This might include issues such as an agenda and any cases identified for deeper analysis and reflection. This gives a supervisor time to read case notes and avoids spending most of the time in sessions describing case backgrounds. It also allows more focus on your assessment, interventions and support needs.   

Using supervision effectively

Contracting or negotiation for each supervision relationship sometimes gives way to carefully developed organisational policies to which staff must adhere. However, if that does not cover negotiation around responsibilities and roles, session formats, regulatory and accountability issues and the supervisory relationship those things still require individual attention.

Even with all those things in place supervision could still be somewhat  compliance-based unless both parties invest in the relationship including taking some risks. For you, it might be taking risks on talking about things you may worry that would impact on any assessment of your confidence or competence in your new identity as a qualified worker.

It is usually safer to take the risk of talking about difficult issues. Examples of this are:

  • Difficult issues with colleagues, managers and the organisation
  • Themes arising across multiple cases eg engagement issues  
  • Strong feelings eg anger or embarrassment in your work
  • Self-care, stress levels, time management, workload
  • Personal issues that impact work or vice versa
  • Feeling awkward about a case or potential ethical dilemmas

In a scenario where you may receive some feedback that leads to you feeling less confident, try to have a conversation about exactly that issue with your supervisor as they may be unaware of the impact on you.

When we are on a new learning curve early in a career, we may be more alert to criticism or we may need to help our supervisor understand our communication style, what we want more of and what we find more challenging. Conversely, it might be difficult for a supervisor to firmly challenge any concerns with new team members in case this is perceived as strong criticism.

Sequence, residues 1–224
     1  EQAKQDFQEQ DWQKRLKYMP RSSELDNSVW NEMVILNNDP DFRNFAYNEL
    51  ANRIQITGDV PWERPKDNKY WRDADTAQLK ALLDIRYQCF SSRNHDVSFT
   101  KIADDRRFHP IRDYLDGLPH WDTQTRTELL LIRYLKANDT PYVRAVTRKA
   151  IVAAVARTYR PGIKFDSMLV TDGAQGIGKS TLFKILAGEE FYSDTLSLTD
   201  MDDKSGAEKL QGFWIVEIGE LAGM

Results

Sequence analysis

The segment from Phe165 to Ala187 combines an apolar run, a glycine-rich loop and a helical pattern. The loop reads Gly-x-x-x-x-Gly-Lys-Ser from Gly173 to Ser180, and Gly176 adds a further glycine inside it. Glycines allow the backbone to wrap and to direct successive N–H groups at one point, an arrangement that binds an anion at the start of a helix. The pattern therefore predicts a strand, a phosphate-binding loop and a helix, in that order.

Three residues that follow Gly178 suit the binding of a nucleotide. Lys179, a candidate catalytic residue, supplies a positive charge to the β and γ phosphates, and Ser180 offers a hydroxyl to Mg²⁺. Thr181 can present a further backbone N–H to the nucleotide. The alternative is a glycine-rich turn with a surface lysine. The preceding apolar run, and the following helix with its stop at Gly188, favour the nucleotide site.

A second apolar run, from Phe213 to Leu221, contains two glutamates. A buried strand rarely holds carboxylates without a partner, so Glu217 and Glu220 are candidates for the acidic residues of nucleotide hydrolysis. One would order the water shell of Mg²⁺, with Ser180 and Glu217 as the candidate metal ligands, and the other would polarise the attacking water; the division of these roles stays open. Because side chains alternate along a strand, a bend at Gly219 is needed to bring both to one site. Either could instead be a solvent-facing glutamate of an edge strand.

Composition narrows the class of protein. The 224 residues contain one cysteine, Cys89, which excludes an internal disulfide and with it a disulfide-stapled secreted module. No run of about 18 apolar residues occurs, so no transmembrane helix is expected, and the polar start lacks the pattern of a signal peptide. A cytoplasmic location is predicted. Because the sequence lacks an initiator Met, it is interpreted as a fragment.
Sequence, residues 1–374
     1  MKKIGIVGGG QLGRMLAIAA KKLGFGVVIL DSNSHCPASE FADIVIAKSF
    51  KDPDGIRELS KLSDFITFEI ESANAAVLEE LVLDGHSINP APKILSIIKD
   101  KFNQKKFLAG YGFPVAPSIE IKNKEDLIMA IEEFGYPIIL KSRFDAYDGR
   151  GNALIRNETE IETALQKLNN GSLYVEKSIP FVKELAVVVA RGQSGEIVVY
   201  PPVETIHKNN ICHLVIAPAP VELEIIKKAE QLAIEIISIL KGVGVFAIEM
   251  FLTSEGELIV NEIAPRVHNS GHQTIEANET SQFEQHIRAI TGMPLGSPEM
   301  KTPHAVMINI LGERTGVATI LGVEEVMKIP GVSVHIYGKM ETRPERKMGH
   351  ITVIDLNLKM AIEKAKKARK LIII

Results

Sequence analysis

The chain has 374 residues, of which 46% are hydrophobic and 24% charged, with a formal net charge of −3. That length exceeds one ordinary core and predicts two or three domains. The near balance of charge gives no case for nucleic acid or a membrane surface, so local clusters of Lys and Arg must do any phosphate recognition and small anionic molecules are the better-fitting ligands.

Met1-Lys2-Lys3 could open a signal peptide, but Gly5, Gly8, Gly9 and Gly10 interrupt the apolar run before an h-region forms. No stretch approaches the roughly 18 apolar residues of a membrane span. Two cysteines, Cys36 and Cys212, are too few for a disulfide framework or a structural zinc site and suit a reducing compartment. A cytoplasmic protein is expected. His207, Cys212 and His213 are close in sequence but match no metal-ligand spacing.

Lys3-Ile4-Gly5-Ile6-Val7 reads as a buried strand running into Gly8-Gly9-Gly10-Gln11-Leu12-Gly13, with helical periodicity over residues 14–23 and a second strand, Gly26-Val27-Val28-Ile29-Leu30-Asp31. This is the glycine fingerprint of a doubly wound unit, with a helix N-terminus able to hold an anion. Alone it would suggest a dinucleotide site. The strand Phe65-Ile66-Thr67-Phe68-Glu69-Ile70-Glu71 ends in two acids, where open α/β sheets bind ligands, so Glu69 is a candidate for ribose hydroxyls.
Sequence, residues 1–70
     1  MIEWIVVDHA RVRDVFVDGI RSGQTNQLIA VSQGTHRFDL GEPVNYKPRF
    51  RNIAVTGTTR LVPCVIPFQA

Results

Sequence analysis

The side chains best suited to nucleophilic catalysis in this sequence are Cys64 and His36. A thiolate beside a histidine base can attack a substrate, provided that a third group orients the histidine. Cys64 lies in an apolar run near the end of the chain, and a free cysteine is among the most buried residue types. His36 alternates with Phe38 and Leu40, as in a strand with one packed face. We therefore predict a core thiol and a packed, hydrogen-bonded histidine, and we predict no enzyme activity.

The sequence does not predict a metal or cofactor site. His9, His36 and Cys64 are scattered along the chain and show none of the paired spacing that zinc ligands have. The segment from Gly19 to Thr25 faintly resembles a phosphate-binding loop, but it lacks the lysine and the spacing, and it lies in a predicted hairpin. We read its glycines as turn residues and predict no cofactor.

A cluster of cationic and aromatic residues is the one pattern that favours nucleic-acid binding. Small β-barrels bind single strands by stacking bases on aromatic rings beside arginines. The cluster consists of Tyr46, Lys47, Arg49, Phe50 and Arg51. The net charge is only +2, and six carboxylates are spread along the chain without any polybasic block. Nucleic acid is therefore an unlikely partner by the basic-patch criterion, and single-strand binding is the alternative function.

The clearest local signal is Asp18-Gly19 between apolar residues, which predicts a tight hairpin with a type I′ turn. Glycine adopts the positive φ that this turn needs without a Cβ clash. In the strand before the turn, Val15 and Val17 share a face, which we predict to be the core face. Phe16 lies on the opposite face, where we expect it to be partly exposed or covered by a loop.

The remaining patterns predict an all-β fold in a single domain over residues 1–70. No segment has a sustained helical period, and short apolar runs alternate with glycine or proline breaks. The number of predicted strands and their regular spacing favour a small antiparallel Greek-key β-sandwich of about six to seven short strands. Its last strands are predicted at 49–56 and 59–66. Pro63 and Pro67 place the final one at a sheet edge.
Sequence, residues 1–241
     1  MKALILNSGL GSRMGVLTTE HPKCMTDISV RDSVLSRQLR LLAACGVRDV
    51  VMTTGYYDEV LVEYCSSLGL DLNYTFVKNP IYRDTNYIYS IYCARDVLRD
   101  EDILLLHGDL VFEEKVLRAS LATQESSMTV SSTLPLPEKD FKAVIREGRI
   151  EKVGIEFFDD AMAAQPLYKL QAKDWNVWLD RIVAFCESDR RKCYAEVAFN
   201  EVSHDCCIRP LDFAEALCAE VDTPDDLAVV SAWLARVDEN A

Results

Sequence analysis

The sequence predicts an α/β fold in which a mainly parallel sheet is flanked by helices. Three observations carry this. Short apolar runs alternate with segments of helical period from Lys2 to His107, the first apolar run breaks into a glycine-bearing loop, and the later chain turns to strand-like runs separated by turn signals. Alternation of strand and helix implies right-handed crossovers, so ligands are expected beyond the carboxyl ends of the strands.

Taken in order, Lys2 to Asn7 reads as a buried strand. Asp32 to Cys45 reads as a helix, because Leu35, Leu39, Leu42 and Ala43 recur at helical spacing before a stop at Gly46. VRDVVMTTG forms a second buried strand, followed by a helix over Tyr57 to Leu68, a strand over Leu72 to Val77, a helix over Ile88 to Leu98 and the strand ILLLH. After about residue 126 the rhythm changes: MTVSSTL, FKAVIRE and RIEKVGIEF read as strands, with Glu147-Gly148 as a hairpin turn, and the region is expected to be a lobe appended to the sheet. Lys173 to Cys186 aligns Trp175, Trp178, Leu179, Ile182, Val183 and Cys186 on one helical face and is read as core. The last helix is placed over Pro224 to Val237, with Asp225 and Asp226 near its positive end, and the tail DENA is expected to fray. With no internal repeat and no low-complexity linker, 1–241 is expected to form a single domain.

It’s best to deliberately discuss how to manage constructive criticism ahead of time and say what approaches may work best for you.

Your supervisor may be highly experienced and you may well find supervision very useful. It is still worth having a discussion about your individual styles and approaches and how you might negotiate the relationship to work best for you, so you feel like you are taking an active role in your own development. Doing this consciously can help avoid solely describing casework activities and enable more reflective, meaningful and challenging conversations.

Reflective questions

  • Read your organisational policy around supervision. You may have to search on your organisation’s intranet or ask your manager for it.
  • Perhaps it was discussed during induction activities when you were taking in lots of new information and now would be a good time to revisit it.

Go to NQSW supervision resource 9 – Virtual supervision

Contact information

More categories